Athletes and Carbohydrate loading

Is defined as the changes to training and nutrition that will increase muscle glycogen stores prior to an endurance event.  

An athlete will load up on carbohydrates (7-12g/kg body weight) while tapering exercise over 1-4 days prior to an endurance event to ensure the muscle glycogen is being stored appropriately.

This type of diet will only benefit those engaging in 90 minutes or longer high intensity exercise such as marathon runners, cycling, triathlon (long distance) etc.7

For an example of a high carbohydrate diet or more information – click here

What about carbohydrates for those with an intolerance?

Something that can be very difficult for the athlete with coeliac disease or equivalent as most of the products on the market have gluten or some type of allergy friendly ingredient. A great summary here by the Australian Institute of Sport for athletes with nutritional issues.7

Funnily enough an analysis in the Amercian Journal of Medical Association has hit the nail on the head.  It has found that it doesn’t matter what diet you are following in fact it is more about being able to follow a healthy eating plan long term and that is what the Wall2Wall Fitness Nutrition Overhaul program is all about!

 Tips for eating carbohydrates wisely:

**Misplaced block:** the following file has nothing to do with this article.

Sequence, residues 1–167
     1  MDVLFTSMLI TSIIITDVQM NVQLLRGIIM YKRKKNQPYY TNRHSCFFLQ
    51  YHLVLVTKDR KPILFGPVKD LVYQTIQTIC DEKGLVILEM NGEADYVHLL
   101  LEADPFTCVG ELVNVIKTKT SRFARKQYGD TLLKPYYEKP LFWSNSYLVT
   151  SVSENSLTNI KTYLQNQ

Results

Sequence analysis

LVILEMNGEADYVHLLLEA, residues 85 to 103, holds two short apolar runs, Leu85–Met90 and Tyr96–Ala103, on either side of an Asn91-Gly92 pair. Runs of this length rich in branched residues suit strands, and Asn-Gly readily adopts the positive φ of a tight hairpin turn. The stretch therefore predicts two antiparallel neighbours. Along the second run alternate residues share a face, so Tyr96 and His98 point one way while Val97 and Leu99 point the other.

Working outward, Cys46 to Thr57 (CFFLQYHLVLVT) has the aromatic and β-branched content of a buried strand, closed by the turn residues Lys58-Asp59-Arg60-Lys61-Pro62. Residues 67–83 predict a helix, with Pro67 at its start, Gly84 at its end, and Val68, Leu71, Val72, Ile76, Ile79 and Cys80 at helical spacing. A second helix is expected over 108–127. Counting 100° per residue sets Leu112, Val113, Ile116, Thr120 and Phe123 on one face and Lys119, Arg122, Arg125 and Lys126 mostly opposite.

• Breakfast cereals should contain oats, barley or bran
  • Breads should be grain or soy based
  • Consume a wide variety of fruit and vegetables
  • Enjoy a wide variety of complex carbohydrates and limit the simple ones
  • Portion sizes are the key
  • Don’t eat high calorie foods just before heading to bed, make sure you have about 2-3 hours between meal and bed times.

Back to Basics – Kick starting your nutrition plan

I strongly believe for you to have a successful nutritional plan and lead a healthy lifestyle you firstly need to ensure you are equipped with the correct information and have strategies in place to implement what is hopefully a successful plan to adhere to.

I don’t believe one plan will ever suit everyone. You can sign up for any weight loss program and be told what to eat but if you really don’t like it will you stick with it? Do you know why you are eating those foods? What calories you are consuming and how many and why? And if you have an intolerance to food, is the program catered for you or is it just aimed at the general population.